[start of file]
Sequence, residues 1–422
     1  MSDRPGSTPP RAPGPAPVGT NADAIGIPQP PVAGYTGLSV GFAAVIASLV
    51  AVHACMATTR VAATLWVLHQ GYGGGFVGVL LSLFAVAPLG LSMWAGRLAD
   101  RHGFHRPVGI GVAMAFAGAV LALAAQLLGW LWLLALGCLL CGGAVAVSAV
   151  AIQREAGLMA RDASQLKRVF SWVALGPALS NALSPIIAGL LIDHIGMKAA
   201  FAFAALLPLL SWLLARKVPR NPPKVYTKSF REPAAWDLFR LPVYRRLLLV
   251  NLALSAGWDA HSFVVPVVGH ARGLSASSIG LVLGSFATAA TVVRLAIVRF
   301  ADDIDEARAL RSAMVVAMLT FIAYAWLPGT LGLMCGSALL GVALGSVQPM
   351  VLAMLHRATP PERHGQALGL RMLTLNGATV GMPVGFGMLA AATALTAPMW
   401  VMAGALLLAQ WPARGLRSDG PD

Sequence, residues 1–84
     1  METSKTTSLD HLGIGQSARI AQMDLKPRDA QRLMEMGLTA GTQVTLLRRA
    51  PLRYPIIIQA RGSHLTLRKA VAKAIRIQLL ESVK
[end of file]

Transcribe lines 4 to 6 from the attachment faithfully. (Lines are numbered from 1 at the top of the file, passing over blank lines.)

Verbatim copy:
   101  RHGFHRPVGI GVAMAFAGAV LALAAQLLGW LWLLALGCLL CGGAVAVSAV
   151  AIQREAGLMA RDASQLKRVF SWVALGPALS NALSPIIAGL LIDHIGMKAA
   201  FAFAALLPLL SWLLARKVPR NPPKVYTKSF REPAAWDLFR LPVYRRLLLV